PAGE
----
Opinion: We use oil, so there are spills. Do we have the right to be outraged?
Good morning. I’m Paul Thornton, and it is Saturday, Oct. 9, 2021. The former president is openly obstructing Congress yet still a free man. Let’s take a look back at the week in Opinion.
I open with something that appears to be a flagrant injustice to illustrate what’s become an obvious truth these last several years: Any inherently destructive force tolerated for too long will inflict increasingly grievous harm. This is, in a sense, a loose application of the engineering maxim known as Murphy’s Law — that anything that can go wrong, will go wrong — to politics, to society, to life. In government, the last president’s lawlessness was tolerated and even condoned for so long that we’re at the point now where he is plainly obstructing an investigation of the Jan. 6 insurrection by telling his former subordinates to defy congressional subpoenas. The destructive forces known as Donald Trump and Trumpism continue to harm us, and no one is surprised.
So it goes with the oil industry, an insidiously malevolent force that has inflicted on us both climate change and climate-change denial. It was enraging but wholly unsurprising when, last week, a broken pipeline released tens of thousands of gallons of crude oil into the waters off Orange County, which The Times Editorial Board called the “latest casualty of the nation’s unhealthy dependence on oil.” In other words, this has happened before — many times, in fact — and it will continue to happen as long as offshore drilling is allowed. Environmental engineer Teresa Sabol Spezio, who has studied such oil disasters since Santa Barbara in 1969, wrote on our op-ed page about the similarities of how this spill is playing out compared to previous ones (spoiler alert: it doesn’t end well — because it doesn’t end). The biggest difference this time, Spezio said, is that the fossil fuel industry lacks the “absolute power” it had in past decades.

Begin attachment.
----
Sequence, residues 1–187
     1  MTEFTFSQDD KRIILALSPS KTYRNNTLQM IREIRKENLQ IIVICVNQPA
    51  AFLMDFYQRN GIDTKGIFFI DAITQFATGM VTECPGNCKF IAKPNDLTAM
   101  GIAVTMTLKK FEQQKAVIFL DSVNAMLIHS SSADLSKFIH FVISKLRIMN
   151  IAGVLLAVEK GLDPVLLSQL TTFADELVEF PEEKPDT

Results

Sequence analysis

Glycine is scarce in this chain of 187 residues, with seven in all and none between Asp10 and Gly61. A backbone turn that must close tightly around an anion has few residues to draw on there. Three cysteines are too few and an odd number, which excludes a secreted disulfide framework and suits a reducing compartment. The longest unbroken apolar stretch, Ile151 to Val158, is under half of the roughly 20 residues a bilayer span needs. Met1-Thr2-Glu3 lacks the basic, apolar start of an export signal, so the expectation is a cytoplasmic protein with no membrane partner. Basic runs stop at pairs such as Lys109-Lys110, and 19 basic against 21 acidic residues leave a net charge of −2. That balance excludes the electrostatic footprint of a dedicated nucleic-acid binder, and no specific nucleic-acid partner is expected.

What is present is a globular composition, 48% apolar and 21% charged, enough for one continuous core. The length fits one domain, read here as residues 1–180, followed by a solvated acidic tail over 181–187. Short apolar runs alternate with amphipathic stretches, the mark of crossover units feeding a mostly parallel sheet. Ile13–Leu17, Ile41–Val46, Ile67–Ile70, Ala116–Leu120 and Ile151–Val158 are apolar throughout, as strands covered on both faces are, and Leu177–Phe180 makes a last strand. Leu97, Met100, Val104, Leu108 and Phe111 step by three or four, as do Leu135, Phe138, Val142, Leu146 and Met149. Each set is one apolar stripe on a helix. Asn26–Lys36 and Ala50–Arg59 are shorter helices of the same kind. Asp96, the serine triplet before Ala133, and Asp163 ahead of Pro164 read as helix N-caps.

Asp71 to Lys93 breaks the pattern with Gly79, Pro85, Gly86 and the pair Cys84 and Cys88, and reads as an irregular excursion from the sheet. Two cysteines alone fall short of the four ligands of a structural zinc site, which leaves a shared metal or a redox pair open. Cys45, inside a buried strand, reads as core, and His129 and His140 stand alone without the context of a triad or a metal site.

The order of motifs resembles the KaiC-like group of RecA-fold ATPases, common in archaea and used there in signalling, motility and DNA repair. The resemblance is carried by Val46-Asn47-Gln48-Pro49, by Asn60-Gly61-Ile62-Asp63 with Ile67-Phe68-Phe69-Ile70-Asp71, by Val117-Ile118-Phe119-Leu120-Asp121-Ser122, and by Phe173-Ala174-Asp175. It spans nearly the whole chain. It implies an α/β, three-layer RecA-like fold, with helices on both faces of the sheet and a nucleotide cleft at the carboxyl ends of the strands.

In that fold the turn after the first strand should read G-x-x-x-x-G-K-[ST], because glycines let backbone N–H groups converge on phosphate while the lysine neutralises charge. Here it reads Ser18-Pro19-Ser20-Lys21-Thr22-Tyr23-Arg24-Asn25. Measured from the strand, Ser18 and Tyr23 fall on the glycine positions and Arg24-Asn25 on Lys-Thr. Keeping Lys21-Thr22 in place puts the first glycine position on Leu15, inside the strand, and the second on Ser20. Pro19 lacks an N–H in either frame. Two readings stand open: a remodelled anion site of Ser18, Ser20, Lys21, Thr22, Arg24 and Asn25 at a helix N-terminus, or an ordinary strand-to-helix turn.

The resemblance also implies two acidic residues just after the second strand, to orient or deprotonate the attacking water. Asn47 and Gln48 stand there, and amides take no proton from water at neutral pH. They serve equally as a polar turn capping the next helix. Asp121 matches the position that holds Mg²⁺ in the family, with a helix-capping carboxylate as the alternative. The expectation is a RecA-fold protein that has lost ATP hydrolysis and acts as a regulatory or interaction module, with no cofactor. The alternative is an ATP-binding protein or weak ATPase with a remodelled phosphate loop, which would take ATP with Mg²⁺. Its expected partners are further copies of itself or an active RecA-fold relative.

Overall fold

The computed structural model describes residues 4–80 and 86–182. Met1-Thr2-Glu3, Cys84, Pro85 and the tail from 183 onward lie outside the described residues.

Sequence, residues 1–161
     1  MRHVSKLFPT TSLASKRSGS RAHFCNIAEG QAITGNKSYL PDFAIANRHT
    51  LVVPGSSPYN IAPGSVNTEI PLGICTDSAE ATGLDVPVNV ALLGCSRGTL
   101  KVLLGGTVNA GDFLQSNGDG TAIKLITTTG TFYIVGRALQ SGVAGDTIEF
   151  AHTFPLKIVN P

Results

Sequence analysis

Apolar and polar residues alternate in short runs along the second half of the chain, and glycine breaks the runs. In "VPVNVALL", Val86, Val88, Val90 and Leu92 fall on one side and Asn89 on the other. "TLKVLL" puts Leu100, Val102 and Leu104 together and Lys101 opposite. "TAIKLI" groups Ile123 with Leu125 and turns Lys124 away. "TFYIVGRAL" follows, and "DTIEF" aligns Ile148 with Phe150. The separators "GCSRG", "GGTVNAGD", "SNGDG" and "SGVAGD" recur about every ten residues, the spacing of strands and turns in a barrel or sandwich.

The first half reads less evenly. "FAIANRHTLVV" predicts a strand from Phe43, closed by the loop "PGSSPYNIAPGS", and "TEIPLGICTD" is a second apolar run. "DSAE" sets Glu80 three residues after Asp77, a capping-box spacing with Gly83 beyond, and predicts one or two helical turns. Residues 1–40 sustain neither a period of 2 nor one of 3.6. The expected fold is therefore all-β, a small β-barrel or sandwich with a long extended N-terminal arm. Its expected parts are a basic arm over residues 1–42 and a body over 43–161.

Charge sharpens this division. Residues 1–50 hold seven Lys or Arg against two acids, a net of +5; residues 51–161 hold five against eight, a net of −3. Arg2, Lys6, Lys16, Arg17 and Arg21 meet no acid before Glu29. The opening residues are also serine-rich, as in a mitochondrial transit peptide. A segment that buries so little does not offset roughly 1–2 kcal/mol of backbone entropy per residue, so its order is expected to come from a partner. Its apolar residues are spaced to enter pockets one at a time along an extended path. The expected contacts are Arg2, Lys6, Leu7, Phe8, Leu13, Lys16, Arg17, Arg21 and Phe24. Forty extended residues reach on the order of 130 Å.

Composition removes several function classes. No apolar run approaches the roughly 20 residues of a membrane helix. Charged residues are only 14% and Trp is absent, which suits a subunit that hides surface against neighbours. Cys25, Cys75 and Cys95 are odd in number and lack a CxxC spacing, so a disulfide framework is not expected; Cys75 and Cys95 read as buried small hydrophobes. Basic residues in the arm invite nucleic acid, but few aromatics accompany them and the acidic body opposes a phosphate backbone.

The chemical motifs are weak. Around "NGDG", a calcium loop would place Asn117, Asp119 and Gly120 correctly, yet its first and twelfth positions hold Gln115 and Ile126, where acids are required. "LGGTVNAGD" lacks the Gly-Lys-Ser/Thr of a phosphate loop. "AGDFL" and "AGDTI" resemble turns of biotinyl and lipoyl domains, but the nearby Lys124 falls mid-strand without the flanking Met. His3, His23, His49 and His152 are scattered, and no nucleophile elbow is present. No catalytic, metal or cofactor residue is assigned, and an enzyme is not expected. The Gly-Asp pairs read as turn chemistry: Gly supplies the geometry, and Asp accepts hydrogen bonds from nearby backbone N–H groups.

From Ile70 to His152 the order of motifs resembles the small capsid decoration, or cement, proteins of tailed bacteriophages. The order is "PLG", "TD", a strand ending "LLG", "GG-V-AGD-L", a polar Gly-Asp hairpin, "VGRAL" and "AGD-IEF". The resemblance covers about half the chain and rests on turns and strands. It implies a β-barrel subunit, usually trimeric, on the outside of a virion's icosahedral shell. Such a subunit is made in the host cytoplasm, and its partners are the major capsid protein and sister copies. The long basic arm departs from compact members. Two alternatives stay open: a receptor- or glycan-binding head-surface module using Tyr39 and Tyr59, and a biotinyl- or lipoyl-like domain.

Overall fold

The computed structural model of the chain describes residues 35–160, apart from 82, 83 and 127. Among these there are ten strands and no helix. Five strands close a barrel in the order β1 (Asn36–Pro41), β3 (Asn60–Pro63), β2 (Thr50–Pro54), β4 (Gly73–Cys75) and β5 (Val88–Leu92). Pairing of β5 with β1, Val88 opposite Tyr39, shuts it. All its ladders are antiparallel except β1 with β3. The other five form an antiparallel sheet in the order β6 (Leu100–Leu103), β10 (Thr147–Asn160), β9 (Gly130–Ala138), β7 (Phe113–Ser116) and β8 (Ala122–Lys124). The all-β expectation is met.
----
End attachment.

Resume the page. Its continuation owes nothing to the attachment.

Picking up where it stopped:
So yes, we have plenty of outrage (our letters to the editor are evidence of that), but only time will tell if our resolve matches that. We do, however, have yet more evidence that the oil industry will suffocate marine life and foul coastal wetlands for as long as we allow it to plunder the planet of its hydrocarbons.
The offshore platforms are there — the spills will be too.
The full impact of the California oil spill is yet unknown. Editorial board member Karin Klein, also a certified naturalist who has monitored wildlife restoration efforts in Orange County wetlands and coastal areas, raises several grim possibilities: “Could the oil spill undo all that effort to regrow the kelp beds? Are pelicans, after making a spectacular comeback in recent decades, going to dive into a sheen of oil to find fish? Will whales or dolphins be affected as they come up through a thin veil of oil to breathe?” L.A. Times